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About Mental Health

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Teachers are missing signs of poor mental health among pupils by treating behavioural issues with discipline, researchers warn.  By

Teachers are missing signs of poor mental health among pupils by treating behavioural issues with discipline and punishment, researchers have warned.

A lack of proper mental health training means teachers “often” fail to spot psychological distress and mistake it for simple bad behaviour, a new report has found.

Researchers at the Centre for Mental Health also said in their “state-of-the-nation” study on mental health provision in schools that an untreated, badly behaved child will cost a school £3,000 a year on average.


Andy Bell, deputy chief executive at the Centre, said a failure to identify the mental health issues suffered by some pupils – and signpost them and their parents towards supportive programmes – was commonplace.

“Schools are often seeing behaviour problems as a disciplinary problem rather than a mental health problem,” he told The Daily Telegraph.

“There’s always a few in every classroom, but I’m talking about children who regularly and persistently are behaving badly.

“Instead of just being a behaviour problem, it very often masks a serious level of distress.”

Of the one in 10 children – or one million at least – who suffer from mental health issues in the UK, only a quarter ever go on to receive professional help, according to the new report.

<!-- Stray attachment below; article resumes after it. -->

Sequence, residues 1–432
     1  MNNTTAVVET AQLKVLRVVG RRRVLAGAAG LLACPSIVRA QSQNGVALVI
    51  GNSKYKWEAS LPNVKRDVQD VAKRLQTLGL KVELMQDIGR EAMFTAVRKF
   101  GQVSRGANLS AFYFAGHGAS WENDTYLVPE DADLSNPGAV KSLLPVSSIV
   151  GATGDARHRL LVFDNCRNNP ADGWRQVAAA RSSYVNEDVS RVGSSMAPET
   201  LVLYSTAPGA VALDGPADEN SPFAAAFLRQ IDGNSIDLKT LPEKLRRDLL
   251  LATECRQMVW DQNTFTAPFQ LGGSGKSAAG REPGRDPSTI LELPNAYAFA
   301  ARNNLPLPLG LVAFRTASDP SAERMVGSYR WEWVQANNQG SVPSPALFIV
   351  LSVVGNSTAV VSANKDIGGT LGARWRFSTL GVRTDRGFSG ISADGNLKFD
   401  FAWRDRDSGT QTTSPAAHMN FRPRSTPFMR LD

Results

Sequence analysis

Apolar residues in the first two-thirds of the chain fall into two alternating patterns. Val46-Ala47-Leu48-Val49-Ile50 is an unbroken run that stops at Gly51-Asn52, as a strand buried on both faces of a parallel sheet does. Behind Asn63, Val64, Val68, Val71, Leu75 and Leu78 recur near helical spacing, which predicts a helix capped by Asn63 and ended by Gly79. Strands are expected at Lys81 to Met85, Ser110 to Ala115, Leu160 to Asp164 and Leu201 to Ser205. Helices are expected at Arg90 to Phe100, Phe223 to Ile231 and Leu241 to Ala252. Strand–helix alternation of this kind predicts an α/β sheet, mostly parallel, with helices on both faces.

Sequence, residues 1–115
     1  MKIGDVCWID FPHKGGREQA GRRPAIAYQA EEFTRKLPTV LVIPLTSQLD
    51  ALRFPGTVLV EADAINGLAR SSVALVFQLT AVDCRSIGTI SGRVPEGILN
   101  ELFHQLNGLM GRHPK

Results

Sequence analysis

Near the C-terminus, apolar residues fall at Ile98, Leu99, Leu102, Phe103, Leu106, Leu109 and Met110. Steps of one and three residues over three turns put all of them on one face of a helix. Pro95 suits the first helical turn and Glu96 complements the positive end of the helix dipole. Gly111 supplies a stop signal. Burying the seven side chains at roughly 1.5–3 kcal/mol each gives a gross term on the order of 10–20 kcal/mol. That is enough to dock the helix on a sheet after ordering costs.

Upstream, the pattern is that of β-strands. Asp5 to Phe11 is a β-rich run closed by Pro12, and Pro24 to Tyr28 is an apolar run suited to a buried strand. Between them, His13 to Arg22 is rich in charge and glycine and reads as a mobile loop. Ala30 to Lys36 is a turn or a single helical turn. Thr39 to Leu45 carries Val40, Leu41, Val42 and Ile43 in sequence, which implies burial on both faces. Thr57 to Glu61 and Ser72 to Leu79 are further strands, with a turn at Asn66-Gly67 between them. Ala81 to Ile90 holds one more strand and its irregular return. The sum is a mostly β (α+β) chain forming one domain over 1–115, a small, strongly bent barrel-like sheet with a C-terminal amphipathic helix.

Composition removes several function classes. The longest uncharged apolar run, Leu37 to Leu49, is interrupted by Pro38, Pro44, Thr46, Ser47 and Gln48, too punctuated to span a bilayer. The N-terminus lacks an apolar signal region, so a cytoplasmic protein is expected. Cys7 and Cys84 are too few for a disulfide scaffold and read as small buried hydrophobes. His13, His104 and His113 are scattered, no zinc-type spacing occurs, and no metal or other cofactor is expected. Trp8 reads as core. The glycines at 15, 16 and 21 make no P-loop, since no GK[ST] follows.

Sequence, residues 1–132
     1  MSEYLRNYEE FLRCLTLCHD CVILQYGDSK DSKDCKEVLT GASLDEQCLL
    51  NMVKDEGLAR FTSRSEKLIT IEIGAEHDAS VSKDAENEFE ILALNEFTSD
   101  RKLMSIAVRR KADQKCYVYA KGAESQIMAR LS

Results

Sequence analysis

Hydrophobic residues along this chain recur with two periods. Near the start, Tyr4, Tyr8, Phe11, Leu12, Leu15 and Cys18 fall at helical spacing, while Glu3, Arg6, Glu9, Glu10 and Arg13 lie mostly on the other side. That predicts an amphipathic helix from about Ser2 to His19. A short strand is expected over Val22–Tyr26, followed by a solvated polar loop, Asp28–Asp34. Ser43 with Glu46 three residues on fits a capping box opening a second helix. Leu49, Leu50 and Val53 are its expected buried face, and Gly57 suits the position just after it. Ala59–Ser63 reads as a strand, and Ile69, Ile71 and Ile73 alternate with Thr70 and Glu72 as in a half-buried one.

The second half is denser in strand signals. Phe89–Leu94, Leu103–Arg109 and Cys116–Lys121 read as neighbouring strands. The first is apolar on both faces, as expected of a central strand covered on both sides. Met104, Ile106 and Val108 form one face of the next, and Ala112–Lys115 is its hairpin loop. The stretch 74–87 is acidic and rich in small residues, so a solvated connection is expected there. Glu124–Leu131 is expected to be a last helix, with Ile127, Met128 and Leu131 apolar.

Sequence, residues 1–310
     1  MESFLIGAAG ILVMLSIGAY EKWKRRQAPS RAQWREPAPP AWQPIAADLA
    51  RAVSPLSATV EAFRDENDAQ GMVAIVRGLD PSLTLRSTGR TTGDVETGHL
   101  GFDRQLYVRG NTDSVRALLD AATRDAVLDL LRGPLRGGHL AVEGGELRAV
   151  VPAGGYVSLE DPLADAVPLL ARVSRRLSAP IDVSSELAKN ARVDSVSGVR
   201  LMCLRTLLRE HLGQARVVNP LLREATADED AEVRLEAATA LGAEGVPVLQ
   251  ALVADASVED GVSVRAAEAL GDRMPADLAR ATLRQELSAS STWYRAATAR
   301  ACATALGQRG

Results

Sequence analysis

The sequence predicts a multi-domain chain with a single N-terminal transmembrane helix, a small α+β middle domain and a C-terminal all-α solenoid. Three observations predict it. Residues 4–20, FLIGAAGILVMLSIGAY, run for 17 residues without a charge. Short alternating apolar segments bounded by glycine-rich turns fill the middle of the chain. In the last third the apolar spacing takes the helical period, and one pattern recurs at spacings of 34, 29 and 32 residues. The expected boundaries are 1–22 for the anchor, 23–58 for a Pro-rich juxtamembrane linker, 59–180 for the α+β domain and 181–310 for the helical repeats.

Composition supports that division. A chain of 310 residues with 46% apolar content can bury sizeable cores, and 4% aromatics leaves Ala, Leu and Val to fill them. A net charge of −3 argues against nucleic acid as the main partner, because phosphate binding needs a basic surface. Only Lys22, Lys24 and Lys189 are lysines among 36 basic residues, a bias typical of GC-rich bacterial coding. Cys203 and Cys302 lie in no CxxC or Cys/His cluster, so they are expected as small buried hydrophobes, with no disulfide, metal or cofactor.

Many teachers wish to spot children suffering from anxiety, depression or conduct disorder, but few have the time within their main roles as educators, or the initial training, said Mr Bell.

“Schools are recognising it as a problem, but they don’t have the wherewithal to deal with this,” he said.

“Teacher training still doesn’t include healthy child development as standard. It’s extraordinary.”

Crisis point

The report also found that in the absence of early intervention, students endured a full 10 years of distress before the situation reached “crisis point” and proper treatment was sought a decade later.

Lorraine Khan, associate director for children and young people at the Centre, said: “Waiting for a child’s mental health to deteriorate until it hits crisis point causes untold distress and damage to their lives, and carries a heavy social and economic cost.”

The report said that while a distressed child costs a school £3,000 in extra staff time, a £1,000 parenting programme over 10 weeks can tackle the issue much better than detention.

But with cuts to NHS-funded services like CAMS (Children and Adolescent Mental health Services,) treatment remained a “postcode lottery” and patchy across the nation, researchers added.

“We have to take action now to offer high quality help quickly to children and young people everywhere,” said Ms Khan.